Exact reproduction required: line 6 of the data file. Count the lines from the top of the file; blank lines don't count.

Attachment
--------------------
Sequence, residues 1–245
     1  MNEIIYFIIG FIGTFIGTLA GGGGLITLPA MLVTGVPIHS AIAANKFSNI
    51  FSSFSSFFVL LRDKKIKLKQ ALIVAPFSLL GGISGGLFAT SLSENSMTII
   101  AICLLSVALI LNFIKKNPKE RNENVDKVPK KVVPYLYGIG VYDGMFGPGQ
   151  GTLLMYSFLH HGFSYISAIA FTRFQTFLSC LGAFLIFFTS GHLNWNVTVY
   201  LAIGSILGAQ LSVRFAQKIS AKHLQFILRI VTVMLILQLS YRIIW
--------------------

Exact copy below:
   201  LAIGSILGAQ LSVRFAQKIS AKHLQFILRI VTVMLILQLS YRIIW